Books for Teaching About Oceans
- Grades: 3–5
From Unit Plan: Discovering the Deep
The following resources are available in the Teacher Store.
Easy Steps to Writing Fantastic Research Reports by Jean Dreheer, Kathryn Davis, Priscilla Waynant, Suzanne Clewell
We really like this book! It is a well-organized, four-step method for teaching research to students. It provides mini-lessons and graphic organizers. It lays things out in a very clear, sequential order and in small pieces that are easily digested by the student. We love the "reflections" pages that allow the student, as well as the teacher, to quickly see what the student understands and doesn't understand. Finally, here is a book that shows HOW to teach each research skill.
Internet Made Easy: 80 Internet Mini-Scavenger Hunts by Michelle Robinette
This is a perfect source for independent learning or challenging activities. There are reproducible activity cards that help kids build Internet research skills as they find fascinating facts in social studies, science, math, and language arts. The activities look like fun and help the students familiarize themselves with the Internet.
A True Book: The Pacific Ocean by David and Christine Petersen
This is a great book for teaching research. It is easily understood by students and contains a glossary, index, and Web sites. The format of the book is very eye-catching, and the full color pictures support the text well.
The Mystery of the Dark Lighthouse by Laura E. Williams
This book is an example of the mystery genre and also appropriate for the ocean unit. Jen and Zeke live with their Aunt Bee in the old Mystic Lighthouse. They must uncover the secrets deep within the old lighthouse before someone else does. It's a challenge for the students to look for clues to discover the mystery of the dark lighthouse. Included in the back of the book is a Suspect Sheet where the reader can keep track of the name, motive, and clues. Reading level 4.
The Magic Fish by Freya Littledale
This charming folktale about a modest fisherman and his greedy wife will delight young readers with its predictability. It's a "quick read" that highlights the folklore genre and reinforces the important lesson that you should be content with what you have or "enough is plenty." When the wife sends her husband back for the final time to request yet more from the fish, the students will anticipate the fish's reaction with delight.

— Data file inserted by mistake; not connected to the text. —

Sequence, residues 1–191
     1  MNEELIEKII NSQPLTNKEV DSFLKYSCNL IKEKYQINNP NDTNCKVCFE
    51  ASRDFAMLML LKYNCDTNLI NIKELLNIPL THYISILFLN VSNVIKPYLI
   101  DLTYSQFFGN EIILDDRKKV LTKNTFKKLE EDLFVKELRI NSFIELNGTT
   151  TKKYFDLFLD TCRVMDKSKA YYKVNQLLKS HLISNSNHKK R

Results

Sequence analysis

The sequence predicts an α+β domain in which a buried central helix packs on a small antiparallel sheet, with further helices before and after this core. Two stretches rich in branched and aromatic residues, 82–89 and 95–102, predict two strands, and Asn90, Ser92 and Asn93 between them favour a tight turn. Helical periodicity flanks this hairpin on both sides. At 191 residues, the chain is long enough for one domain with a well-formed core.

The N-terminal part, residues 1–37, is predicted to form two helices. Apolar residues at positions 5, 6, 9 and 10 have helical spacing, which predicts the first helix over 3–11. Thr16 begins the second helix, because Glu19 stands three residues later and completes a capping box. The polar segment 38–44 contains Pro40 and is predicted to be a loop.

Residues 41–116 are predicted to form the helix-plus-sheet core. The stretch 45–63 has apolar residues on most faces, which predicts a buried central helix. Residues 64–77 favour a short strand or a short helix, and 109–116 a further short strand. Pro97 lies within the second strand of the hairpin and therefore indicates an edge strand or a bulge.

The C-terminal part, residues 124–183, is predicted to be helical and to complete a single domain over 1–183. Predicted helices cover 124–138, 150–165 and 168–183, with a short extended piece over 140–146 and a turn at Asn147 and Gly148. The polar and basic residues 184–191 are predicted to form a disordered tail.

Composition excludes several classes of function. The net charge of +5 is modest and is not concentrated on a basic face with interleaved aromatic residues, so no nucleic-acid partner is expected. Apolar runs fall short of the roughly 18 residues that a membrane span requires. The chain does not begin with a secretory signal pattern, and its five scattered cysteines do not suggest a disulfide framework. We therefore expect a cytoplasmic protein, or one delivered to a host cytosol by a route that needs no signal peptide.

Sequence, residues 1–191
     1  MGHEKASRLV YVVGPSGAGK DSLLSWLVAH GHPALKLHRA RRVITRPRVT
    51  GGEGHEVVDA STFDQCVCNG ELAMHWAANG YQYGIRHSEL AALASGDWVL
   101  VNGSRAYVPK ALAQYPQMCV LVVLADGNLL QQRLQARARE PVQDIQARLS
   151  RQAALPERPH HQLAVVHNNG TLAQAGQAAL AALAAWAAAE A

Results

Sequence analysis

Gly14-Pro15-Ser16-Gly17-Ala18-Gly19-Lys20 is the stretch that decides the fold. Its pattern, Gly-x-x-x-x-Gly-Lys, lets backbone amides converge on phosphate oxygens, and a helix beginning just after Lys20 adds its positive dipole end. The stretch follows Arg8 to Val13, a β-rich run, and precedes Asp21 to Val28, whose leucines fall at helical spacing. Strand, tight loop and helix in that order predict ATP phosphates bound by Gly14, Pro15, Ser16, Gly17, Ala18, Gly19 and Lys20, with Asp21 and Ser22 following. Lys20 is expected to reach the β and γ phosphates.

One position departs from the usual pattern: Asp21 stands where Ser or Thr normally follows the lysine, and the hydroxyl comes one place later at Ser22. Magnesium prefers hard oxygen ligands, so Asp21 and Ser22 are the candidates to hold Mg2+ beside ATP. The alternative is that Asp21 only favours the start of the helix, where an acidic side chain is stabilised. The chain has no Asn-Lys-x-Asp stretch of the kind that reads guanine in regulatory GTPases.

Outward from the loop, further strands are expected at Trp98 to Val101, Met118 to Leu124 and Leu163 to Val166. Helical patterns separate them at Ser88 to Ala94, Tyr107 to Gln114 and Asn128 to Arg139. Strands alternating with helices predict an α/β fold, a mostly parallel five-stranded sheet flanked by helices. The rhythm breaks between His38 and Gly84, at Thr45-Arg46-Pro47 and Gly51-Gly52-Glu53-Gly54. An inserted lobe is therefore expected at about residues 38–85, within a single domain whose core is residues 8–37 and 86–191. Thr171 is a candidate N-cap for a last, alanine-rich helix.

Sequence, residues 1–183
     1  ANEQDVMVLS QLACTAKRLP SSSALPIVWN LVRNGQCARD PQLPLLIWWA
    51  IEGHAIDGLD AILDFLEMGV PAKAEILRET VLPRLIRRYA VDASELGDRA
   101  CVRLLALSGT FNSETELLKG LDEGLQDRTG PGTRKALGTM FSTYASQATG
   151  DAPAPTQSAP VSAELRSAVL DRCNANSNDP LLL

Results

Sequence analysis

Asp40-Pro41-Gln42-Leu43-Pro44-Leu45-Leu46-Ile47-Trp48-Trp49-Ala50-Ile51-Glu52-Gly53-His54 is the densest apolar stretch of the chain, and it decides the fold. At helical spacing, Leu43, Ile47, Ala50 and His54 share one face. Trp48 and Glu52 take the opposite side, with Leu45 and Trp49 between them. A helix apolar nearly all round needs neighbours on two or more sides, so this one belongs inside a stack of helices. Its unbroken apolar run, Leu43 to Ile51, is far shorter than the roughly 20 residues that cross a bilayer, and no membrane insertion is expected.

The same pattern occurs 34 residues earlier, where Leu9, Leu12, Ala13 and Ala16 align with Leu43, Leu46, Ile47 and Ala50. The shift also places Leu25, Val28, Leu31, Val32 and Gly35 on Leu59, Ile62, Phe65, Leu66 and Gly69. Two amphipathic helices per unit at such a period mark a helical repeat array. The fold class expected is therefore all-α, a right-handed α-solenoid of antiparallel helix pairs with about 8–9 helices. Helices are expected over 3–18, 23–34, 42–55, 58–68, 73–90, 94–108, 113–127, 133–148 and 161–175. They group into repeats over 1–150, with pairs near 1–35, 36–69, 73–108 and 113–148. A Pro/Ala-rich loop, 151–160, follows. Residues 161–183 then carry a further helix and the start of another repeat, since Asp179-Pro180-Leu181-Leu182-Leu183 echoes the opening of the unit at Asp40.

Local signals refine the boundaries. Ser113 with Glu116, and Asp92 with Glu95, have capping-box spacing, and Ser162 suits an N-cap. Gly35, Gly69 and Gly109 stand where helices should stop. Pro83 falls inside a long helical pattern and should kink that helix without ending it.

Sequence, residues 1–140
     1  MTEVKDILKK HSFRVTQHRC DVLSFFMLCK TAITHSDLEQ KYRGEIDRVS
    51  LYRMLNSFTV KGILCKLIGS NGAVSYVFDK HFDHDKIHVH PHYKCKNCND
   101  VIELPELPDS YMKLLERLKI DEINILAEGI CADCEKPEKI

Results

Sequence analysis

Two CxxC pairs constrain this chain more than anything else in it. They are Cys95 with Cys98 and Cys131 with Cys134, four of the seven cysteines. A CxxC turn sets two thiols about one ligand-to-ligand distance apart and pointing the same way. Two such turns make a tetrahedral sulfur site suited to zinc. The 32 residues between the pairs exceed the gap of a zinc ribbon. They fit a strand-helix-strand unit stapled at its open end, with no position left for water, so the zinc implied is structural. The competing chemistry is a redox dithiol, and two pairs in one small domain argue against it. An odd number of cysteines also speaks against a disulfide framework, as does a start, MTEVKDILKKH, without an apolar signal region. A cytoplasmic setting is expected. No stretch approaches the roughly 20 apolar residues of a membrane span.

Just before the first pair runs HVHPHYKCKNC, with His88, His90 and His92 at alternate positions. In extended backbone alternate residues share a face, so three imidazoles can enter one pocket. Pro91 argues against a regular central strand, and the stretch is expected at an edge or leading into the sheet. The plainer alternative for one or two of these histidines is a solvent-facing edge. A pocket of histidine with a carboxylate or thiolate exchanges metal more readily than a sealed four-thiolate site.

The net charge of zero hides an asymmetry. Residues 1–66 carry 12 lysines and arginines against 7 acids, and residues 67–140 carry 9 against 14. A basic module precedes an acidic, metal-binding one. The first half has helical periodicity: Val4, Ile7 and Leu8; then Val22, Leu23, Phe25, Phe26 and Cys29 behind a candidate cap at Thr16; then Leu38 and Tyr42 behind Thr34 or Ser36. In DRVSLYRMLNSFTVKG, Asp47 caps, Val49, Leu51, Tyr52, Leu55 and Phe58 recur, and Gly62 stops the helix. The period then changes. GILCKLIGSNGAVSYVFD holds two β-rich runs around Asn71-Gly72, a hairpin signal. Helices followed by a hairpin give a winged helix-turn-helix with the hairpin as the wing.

On The Mayflower: Voyage of a Ship's Apprentice and a Passenger Girl by Kate Waters Historical Fiction.
Sharks by Gail Gibbons
The Magic School Bus on the Ocean Floor by Joanna Cole
The following books may be found in your school library.
Teaching Genre: Explore 9 Types of Literature to Develop Lifelong Readers and Writers by Tara McCarthy
This book deals with distinct genres or sub-genres of literature (i.e. biography, folklore). Each unit has an overview for the teacher, pre-reading for the students, a brief example of the genre and a reading response section for the students. This is an excellent source for clarifying the characteristics of each genre. The responding options help students share their reactions, dig deeper into the literary excerpt, and identify the major elements of the given genre.
Shark Lady: The True Adventures of Eugenie Clark by Ann McGovern
This book has a double benefit. It is an excellent example of biography so it is very useful in the genre unit and it has an ocean theme. The book tells us about Eugenie as a Japanese American girl growing up with an early interest in the ocean. There are photographs of Eugenie and her exciting life as a shark researcher. She helped design a shark-proof wetsuit and then had to test it with sharks in a real-life situation. Truly, she is an amazing woman.
Coral Reef Hideaway: The Story of a Clown Anemonefish by Doe Boyle
This is about one topic, sea anemonefish, with a glossary and a small index. This has simple but informative text with stunning watercolor pictures. This is a great resource for your lower readers.
Habitats: Ocean Tide Pool by Arthur John L'Hommedieu
Meet the creatures that live in an ocean tide pool! This book is made up of photographs that are colorful and rich in detail. Sidebars on the pages give students information about each particular animal. The text is straightforward and to the point, telling about each animal and how it survives in the tide pool. In the back of the book are thumbnail descriptions of each picture, giving more specific information.
Our Mysterious Ocean
Publisher: Reader's Digest Young Families Book
Why The Tides Ebb and Flow by Marc Brown
Ocean Mammals by Elaine Landau
Discovery Plus: Oceans and Rainforests
by Frances A. Dipper and Jane Parker
In the Swim by Douglas Florian